Once you have decided to do a voluntary disclosure, timing of the submission is an important consideration.
Under US export controls and trade sanctions regulations, the disclosure will count as a “voluntary disclosure” only to the extent that it is submitted to the relevant agency before the US government discovers the violation itself or has begun an investigation of the same or substantially similar matter. Hence, it is important to consider not just whether to disclose, but when to do so.
Waiting until the entire investigation is complete may not be timely enough. Some investigations can take many months and the risk of the government agency starting its own investigation may increase during that time. Not to mention that if the matter at issue is particularly serious, notifying the relevant authorities sooner rather than later could enable them to mitigate some of the harm.
You likely do not want to disclose before you have a fairly high level of certainty that a violation did actually happen. Let’s face it—it is hard to “unring” the bell if you file a voluntary disclosure about a matter thinking that a violation had occurred, only to discover as your investigation proceeds that there was, in fact, proper authorization for the activities at issue or the facts about what had actually happened were mistaken. If you have already filed a voluntary disclosure, you would then find yourself having to convince the enforcement agency that the disclosure was just an exercise of caution and the company’s efforts to be a good corporate citizen, but, alas, there was no violation after all. Sometimes that is not such an easy sell, particularly if the facts are complicated.
So finding the correct time in your investigation to disclose is critical. Under the voluntary disclosure programs for export controls and trade sanctions, the relevant agencies permit parties to submit an initial notice of voluntary disclosure. An initial notice of voluntary disclosure allows the party to inform the government that there is an issue prior to the party’s full internal investigation being completed. Hence, giving the party the opportunity to do a full investigation, while not having to fear that the government could start its own investigation in the meantime and the party would lose the mitigation benefits of the voluntary disclosure. Upon determining with enough certainty that a violation did occur, but before conducting your complete investigation, consider submitting an initial notice of voluntary disclosure.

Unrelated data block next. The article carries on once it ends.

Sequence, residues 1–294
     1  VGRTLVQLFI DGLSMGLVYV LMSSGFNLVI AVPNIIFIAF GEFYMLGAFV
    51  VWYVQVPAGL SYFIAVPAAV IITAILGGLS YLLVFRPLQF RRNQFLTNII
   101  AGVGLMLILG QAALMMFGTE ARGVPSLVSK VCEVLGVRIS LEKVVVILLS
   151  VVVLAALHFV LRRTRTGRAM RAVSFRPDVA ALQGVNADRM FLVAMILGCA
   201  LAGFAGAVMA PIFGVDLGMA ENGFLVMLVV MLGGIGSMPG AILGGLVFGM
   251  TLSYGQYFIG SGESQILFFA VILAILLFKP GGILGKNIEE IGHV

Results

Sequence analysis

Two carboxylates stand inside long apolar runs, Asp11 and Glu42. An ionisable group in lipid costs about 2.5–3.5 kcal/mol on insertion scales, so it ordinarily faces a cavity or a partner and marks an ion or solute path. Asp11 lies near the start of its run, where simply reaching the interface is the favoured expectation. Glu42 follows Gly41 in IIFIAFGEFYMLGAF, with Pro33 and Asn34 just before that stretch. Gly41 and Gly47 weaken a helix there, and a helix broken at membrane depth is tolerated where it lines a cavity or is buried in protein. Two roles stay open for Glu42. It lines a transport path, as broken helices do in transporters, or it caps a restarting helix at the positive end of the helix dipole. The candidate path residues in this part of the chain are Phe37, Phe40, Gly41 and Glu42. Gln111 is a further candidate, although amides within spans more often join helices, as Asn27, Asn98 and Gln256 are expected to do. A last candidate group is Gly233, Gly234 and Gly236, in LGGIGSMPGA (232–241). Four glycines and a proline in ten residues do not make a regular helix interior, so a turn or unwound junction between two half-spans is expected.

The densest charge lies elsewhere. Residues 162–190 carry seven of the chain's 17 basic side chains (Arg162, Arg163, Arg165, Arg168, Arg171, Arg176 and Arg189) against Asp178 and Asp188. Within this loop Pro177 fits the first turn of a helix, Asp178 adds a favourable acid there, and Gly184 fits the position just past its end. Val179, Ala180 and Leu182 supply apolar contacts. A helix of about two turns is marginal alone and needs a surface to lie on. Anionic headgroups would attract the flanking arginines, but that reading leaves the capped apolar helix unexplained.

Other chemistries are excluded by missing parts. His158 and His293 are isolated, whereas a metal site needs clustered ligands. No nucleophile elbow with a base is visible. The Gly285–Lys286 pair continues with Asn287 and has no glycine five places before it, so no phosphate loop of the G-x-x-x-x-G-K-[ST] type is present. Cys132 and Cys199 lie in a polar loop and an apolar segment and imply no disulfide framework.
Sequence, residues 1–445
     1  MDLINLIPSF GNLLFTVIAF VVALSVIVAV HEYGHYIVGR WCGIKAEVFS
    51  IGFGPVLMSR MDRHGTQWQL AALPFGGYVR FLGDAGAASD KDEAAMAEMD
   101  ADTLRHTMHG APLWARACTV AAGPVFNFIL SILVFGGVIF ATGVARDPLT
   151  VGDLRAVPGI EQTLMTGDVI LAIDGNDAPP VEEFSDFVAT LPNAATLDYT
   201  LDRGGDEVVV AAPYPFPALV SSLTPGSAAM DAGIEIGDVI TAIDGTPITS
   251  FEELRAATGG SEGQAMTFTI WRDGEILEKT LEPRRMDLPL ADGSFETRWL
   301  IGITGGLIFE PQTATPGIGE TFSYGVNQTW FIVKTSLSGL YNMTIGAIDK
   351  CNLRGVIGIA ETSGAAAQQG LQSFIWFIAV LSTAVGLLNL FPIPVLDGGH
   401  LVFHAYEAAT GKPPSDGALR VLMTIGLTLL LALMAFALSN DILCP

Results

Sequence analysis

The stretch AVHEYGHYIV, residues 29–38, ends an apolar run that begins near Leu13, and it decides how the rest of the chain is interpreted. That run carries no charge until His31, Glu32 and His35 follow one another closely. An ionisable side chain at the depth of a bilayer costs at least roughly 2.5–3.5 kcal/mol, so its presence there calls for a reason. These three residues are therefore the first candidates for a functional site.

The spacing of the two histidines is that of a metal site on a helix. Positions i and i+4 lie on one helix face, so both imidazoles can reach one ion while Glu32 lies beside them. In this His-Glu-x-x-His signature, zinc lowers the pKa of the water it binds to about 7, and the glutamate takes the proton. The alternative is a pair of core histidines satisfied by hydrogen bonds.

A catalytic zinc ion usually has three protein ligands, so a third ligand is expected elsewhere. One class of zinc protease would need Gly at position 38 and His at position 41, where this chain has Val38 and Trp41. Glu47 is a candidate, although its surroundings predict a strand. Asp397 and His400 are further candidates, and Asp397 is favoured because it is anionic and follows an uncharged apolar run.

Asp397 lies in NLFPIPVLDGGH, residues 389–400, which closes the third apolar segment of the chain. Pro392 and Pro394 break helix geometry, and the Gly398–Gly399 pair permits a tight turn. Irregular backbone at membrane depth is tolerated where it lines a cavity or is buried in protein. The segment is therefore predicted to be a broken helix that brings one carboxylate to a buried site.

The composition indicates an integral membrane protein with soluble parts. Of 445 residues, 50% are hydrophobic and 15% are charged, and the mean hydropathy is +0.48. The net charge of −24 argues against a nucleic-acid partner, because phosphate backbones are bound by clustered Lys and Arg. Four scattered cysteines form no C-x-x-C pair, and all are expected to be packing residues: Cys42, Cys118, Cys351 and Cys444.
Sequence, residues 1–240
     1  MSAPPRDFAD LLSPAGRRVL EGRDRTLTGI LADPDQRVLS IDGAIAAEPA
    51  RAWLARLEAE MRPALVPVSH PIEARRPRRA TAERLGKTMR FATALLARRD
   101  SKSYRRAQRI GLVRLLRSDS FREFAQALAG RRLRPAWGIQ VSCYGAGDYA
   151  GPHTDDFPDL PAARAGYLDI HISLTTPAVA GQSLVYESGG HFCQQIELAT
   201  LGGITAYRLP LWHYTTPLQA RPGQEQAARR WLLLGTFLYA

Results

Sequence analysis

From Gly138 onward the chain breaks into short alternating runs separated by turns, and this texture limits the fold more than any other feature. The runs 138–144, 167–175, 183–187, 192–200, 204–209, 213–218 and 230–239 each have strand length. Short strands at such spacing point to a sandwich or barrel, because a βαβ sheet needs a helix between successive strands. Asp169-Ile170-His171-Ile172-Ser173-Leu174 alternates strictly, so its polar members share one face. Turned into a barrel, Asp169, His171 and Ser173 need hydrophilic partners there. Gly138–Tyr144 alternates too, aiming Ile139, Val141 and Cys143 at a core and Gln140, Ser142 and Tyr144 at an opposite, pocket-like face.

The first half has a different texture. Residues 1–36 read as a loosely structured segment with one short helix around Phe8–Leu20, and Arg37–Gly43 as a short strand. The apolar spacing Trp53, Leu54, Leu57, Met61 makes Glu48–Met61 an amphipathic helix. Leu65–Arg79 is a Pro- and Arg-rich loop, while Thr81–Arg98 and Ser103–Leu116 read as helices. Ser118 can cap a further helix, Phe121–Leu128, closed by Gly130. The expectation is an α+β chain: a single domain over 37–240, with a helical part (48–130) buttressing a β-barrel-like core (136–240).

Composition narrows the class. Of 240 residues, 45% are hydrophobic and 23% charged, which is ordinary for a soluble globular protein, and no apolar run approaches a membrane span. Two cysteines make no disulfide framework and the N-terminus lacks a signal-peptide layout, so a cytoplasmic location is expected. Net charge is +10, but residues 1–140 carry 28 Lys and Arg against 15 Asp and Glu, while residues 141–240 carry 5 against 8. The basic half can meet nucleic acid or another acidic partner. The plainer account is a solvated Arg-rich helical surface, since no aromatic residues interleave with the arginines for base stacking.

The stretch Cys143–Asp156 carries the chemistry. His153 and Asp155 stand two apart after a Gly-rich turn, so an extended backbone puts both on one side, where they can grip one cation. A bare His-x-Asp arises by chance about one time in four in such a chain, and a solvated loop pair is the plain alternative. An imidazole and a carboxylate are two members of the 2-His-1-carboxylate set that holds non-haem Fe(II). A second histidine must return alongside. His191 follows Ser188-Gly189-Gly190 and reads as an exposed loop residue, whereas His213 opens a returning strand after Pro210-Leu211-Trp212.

Upon completion of your investigation, you are still obligated to file a full disclosure report with the agency involved. Timing for submission of the full disclosure report varies based on the regulations: 60 days under the ITAR, 180 days under the EAR and within a “reasonable period of time” under the various US sanctions programs.
As mentioned in Part 1 of these series most EU Member States (including Belgium, Netherlands and Luxembourg) do not provide any procedural requirements or guidance with respect to voluntary disclosures. Nevertheless the principle remains that a voluntary disclosure (and its mitigating effect) is no longer ‘voluntary’ once the competent regulator and/or enforcement agency has initiated an investigation. It is therefore indeed best to file the preliminary disclosure only at the moment that an investigation shows that it is likely that a violation has occurred. In practice a (potential) violation is often discovered at the time of a due diligence investigation in the framework of an M&A or financing transaction. Under those circumstances the company has no choice to disclose as soon as possible or abandon the transaction.
Once the preliminary disclosure has been filed one could generally agree on the timing to submit the full disclosure and even then extensions are generally accepted. If the disclosure includes multiple jurisdictions, it is advisable to foresee sufficient time to prepare a coherent disclosure and to align submission dates. You only get one chance to make a good impression….
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